Hyderabad: Researchers of the Indian Institute of Technology-Hyderabad have developed a combination therapy for treatment of cancer. This research was undertaken in collaboration with researchers from the University of Hyderabad, IIT Bombay and Bose Institute, Kolkata.
According to a communiqué from the institute here on Tuesday, the researchers developed a synergetic combination of photothermal therapy (PTT) and chemotherapy using a naturally derived anticancer agent, showing its efficacy in destroying cancer cells.
Combination therapy, which combines more than one therapeutic procedure, is being increasingly considered for treatment of cancer because it can deal with the heterogeneity of cancer cells in addition to providing synergic therapeutic effects. This research was led at IIT-H by Dr Aravind Kumar Rengan, Assistant Professor, Department of Bio-Medical Engineering.
The groundbreaking work has recently been reported in reputed peer-reviewed journal Nanoscale as well. The paper was co-authored by Tejaswini Appidi, Deepak Bharadwaj Pemmaraju, Rafiq Ahmad Khan, Syed Baseeruddin Alvi, Rohit Srivastava, Mahadeb Pal, Nooruddin Khan and Dr Rengan.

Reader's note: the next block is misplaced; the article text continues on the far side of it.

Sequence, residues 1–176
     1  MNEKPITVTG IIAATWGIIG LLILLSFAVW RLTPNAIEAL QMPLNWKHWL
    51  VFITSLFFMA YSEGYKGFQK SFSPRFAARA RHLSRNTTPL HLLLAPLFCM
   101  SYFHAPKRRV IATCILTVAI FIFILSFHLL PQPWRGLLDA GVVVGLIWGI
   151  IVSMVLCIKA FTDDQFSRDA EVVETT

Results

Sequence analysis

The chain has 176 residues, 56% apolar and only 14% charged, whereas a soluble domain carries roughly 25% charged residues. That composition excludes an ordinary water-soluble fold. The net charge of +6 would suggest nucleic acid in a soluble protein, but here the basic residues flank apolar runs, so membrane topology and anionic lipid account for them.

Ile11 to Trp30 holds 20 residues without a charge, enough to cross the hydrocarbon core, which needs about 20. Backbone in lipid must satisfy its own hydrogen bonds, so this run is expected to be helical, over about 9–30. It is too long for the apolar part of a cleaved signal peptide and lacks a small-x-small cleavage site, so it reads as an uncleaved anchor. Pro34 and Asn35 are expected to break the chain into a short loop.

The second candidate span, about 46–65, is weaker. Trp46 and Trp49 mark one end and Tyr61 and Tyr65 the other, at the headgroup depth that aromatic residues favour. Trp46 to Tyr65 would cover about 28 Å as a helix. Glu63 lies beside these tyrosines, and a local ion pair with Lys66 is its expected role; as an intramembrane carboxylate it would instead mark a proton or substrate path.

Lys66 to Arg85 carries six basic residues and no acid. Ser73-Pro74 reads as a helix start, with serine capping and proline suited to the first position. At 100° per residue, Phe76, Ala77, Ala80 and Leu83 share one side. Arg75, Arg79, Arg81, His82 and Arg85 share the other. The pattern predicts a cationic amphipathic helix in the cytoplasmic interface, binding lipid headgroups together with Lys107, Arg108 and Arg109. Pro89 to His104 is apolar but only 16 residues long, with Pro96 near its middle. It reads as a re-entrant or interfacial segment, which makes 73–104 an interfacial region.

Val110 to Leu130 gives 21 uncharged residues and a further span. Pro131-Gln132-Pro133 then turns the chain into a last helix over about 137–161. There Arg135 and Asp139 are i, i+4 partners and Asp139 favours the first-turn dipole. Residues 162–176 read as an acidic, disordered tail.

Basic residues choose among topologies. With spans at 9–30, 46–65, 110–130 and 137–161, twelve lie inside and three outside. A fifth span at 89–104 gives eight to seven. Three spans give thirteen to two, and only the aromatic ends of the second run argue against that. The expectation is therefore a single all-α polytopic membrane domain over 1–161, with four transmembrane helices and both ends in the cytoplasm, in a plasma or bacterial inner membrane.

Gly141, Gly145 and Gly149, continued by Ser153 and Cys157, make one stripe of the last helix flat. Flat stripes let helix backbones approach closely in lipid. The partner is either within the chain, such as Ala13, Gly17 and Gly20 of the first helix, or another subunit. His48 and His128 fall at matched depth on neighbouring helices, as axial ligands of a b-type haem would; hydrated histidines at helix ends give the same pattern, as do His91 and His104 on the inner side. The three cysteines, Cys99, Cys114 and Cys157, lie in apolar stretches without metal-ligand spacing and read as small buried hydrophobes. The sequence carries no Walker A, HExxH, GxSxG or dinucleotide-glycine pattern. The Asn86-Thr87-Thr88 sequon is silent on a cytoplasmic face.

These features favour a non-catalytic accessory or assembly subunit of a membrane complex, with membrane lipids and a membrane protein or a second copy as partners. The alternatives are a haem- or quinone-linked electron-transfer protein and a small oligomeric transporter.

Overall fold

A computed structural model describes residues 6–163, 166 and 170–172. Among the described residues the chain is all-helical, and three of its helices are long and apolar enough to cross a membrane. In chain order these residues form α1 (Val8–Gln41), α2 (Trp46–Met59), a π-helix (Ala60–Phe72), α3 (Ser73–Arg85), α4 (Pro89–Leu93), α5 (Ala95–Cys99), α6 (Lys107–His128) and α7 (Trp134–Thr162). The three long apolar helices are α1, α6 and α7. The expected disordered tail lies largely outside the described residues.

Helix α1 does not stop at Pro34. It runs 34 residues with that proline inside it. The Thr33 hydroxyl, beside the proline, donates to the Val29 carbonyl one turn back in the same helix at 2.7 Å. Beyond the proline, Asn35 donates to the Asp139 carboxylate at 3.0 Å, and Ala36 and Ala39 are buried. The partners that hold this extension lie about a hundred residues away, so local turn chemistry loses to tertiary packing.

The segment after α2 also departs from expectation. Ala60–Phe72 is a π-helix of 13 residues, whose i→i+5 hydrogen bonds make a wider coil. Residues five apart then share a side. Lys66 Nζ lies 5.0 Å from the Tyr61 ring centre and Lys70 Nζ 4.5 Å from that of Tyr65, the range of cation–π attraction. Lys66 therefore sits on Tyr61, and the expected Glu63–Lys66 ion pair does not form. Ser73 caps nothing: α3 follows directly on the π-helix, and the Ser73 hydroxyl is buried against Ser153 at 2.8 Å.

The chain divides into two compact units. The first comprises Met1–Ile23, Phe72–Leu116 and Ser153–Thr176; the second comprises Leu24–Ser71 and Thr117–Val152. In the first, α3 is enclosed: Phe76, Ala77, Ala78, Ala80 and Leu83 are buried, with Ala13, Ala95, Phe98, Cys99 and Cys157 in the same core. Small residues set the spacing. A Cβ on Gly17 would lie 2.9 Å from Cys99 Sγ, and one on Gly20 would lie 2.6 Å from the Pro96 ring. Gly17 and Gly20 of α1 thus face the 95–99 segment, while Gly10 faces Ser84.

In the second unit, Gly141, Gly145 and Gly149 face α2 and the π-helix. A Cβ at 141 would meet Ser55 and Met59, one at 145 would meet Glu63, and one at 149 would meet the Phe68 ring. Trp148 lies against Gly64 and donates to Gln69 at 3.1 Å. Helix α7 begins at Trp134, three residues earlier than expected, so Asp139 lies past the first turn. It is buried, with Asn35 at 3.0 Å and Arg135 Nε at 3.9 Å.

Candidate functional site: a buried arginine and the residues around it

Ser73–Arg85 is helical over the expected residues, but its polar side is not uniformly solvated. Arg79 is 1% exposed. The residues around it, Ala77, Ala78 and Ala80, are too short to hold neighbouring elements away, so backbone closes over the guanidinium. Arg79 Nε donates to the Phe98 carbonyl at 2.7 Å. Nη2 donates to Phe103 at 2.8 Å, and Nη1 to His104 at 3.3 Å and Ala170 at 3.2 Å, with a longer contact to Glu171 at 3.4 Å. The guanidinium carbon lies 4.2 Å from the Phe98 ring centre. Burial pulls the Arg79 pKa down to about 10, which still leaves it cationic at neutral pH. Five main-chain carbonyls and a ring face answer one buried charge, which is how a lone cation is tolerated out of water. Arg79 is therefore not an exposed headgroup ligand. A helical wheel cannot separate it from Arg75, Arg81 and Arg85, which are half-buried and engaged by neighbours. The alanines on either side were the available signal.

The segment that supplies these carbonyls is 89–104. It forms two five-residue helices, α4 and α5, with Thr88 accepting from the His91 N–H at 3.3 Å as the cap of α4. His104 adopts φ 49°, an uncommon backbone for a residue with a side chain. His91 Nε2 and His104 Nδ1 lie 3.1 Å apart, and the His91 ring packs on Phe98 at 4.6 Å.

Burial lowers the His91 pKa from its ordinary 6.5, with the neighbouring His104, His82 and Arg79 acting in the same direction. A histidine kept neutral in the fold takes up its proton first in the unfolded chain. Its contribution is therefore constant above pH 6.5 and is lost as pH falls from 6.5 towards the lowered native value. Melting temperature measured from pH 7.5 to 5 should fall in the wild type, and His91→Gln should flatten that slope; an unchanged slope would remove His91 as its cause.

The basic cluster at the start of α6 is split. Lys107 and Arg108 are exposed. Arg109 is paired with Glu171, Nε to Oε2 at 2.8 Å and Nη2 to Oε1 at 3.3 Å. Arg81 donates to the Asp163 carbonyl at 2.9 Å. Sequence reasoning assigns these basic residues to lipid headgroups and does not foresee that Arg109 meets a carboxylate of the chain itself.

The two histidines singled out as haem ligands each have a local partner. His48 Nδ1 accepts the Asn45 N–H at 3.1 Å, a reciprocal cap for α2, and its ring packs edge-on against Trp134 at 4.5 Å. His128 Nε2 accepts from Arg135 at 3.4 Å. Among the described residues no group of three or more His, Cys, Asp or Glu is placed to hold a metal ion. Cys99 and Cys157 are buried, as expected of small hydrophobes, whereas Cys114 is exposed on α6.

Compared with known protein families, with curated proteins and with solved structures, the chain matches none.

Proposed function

“In photothermal therapy, a material that converts light to heat is specifically sent to the tumor location, and when irradiated, causes ablation or destruction of the host cancer cells. IR780 is one such dye that absorbs near-infrared light and generates reactive oxygen species that kills the host cell. This dye is loaded onto a suitable carrier material and targeted at the cancer tissues,” Dr Rengan said.
The development of effective therapies that are specific to the cancer tissues and non-toxic to healthy tissues remains the ultimate challenge in the war against cancer. Current gold-standard cancer treatment approaches such as surgery, chemotherapy and radiotherapy, continue to have limitations of adverse side effects to the healthy tissues/organs surrounding the tumor.
The combined photothermal and CfAC therapy holds significant promise for enhanced therapeutic benefits with minimal/no side effects when translated into human application.
The research team used liposomes – lipid nanoparticles a hundred thousand times smaller than the width of a single human hair – as the carriers for IR780 because of their low toxicity, flexibility, biocompatibility, biodegradablity and non-immunogenicity. The team loaded liposomes not only with IR780 but also with an anticancer agent called CfAC that is extracted from the plant Anthocephalous Cadamba. These liposomes were tested against human breast cancer cells that were introduced into mice groups.
“We have demonstrated the synergistic and enhanced therapeutic benefits of combinational therapy against breast cancer with minimal/no adverse effects using biocompatible and biodegradable nanomaterials,” added Dr Rengan.
The team also elucidated the mechanism of action of CfAC that causes cell death. They showed through in vitro studies that CfAC produces considerable amounts of reactive oxygen species, which can bring about cell death. CfAC did not produce reactive oxygen species inside healthy cells and can therefore be free of side-effects.